Villagers @ Black Box, Galway | 13/12/18 | Review

Following the release of their most recent album The Art of Pretending to Swim in September 2018, Villagers have been playing non-stop. Miraculously, there wasn’t a sense of exhaustion from their November 2018 European Tour seeping into their show at the Black Box in Galway. The crowd fuelled their wild dynamics of both acoustic and synth. The band’s latest album includes a taste of electronica and rock amongst maintaining the usual folk-like lyrics and guitar patterns. This show wasn’t just a performance of an experimental album – this set was built off of the reciprocal relationship between audience and band, driving each other to new capacities.

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Villagers’ performance of “Again”, the opening song on their new album, mixed synth, techno, bird noises, and gave the impression of elevating into a new dimension. The lyrics, “I feel it ripple and ready its soul again” make us question whether “it” is music, the artist, the audience itself, or a zest of huamnity. Within the one song, the audience was dancing, swaying, or shocked into silence at any different moment in the song.

Another standout performance was that of Darling Arithmetic‘s “Hot, Scary Summer”, leading the audience through pain, awkwardness, and ultimately reassurance. “Courage” was performed in a similarly raw and acoustic style, building in huge dynamics to a dramatic climax in the final chorus.

The strongest performance of a new song was undoubtedly in “Ada”, a homage to Ada Lovelace, fading into an amazing electronic soundscape at the end of the song to mimic the fantasticalness but also confusion that a technologically developing world brings. The Black Box performance was one of both tenderness and techno, lyrics remaining simple yet poignant. The drummer drove the band from folk to rock across the performance of the band’s variety of albums, with his multitalented musicality carrying over to performances on the flugelhorn.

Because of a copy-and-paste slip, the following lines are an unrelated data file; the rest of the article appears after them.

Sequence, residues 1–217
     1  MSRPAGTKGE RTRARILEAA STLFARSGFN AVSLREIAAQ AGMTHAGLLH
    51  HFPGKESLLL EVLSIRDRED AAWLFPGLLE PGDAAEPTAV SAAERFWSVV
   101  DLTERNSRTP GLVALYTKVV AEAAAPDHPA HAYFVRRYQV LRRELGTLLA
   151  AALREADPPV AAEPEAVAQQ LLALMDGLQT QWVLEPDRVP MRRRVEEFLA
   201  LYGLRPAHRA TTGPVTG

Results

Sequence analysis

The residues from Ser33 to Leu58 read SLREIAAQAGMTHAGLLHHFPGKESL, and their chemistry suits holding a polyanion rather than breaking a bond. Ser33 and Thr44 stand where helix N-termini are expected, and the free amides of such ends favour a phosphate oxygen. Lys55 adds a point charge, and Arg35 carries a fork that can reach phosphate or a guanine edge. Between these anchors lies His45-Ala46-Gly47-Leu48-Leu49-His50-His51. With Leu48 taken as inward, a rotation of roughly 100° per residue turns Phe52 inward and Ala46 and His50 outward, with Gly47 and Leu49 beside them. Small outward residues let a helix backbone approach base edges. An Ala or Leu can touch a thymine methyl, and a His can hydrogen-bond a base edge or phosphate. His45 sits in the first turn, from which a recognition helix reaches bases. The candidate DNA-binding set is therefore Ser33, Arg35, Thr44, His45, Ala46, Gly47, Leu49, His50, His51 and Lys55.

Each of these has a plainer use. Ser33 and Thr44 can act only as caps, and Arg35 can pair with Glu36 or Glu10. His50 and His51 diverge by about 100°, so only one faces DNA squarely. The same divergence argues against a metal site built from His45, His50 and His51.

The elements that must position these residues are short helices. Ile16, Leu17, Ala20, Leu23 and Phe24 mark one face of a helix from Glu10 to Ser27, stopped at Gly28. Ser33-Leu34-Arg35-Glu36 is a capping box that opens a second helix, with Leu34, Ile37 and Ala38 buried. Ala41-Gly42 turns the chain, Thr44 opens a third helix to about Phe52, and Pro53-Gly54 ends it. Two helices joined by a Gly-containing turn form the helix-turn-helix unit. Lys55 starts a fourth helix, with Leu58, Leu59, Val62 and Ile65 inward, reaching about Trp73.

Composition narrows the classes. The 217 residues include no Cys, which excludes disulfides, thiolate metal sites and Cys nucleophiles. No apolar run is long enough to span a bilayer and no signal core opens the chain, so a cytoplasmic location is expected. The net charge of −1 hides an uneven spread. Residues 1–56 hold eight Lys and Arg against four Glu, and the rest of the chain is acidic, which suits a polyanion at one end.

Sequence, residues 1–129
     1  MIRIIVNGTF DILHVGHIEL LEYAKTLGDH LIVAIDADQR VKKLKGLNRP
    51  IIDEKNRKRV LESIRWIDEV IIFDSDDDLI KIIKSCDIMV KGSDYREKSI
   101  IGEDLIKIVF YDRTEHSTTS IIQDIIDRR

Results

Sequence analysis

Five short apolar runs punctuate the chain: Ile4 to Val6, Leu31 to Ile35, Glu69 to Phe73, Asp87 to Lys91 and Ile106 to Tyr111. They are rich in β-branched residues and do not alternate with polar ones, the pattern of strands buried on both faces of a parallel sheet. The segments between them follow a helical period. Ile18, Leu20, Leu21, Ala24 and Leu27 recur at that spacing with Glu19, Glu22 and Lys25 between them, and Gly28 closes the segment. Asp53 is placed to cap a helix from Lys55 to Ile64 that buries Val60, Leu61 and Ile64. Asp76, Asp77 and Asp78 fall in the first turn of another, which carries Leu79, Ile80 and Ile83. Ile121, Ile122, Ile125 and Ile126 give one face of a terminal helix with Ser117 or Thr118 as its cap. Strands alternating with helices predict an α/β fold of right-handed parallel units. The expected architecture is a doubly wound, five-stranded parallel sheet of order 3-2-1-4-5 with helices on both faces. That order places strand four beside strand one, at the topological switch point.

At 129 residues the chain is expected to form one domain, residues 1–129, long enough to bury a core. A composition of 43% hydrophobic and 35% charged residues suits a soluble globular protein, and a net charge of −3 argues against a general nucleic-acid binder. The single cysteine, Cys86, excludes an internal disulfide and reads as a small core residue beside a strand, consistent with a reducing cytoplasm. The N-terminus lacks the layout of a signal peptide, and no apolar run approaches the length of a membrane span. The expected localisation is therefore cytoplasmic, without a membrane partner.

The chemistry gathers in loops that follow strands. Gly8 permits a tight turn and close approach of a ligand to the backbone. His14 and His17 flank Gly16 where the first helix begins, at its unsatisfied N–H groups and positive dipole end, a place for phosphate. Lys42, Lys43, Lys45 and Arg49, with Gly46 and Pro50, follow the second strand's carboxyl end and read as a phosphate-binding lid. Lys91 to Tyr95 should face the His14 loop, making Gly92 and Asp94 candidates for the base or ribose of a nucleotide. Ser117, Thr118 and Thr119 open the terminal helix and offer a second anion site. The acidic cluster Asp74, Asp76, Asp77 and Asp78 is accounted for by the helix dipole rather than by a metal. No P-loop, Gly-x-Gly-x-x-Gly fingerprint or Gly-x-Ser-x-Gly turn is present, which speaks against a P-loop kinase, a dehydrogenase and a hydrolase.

O’Brien himself picked up the horn at the end of the set; the set’s conclusion was, unsurprisingly, {Awayland}’s “Nothing Arrived”. There was a sense of uncertainty amongst the audience as to how this dynamic and vivacious set could possibly be concluded by a well-known and sensitive acoustic song. The song was performed humbly, focusing on the guitar fingerpicking and the tender lyrics. Yet, it built on O’Brien’s raw lyrics through the use of harmonies and the respectful accompaniment of the band, and finally, through an incredible brass performance, raising hope and radiating musicality through the audience.


More from Villagers’ 2018 album, The Art of Pretending to Swim


Frances Wilde
+353 83 043 9326
Business Inquiries: franceswilde@hotmail.co.uk

Hudson Taylor @ Roisin Dubh | 13/10/17 | Review

Hudson Taylor, once again, impressed, entertained and surprised the crowd at the Roisin Dubh in Galway on Friday 13th October.

The most surprising performance of the night was the upbeat version of “Open Up”. Fans are used to this song off being performed acoustically and emotionally. Instead, the band added rock-like drums and encouraged the energy of the crowd.

Old time favourites such as “Chasing Rubies” and “Battles” captured the attention of the crowd, with the crowd’s singing almost drowning the voices of the brothers.

Tadgh’s fiddle solo in “Don’t Know Why” was definitely the most beautiful moment of the show. Closely followed by Harry and Alfie’s sister, Holly, accompanying them in a short acoustic performance.

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New songs include a balance of folk ballads, love songs, and others in the style of “For the Last Time”/ “Off the Hook”- with defiant lyrics and powerful harmonies. The next album promises to carry this value of resilience through, but with a rockier vibe represented in “Feel it Again”, the band’s latest single.

The boys are back on 27th December, and promise another uplifting, yet festive, show.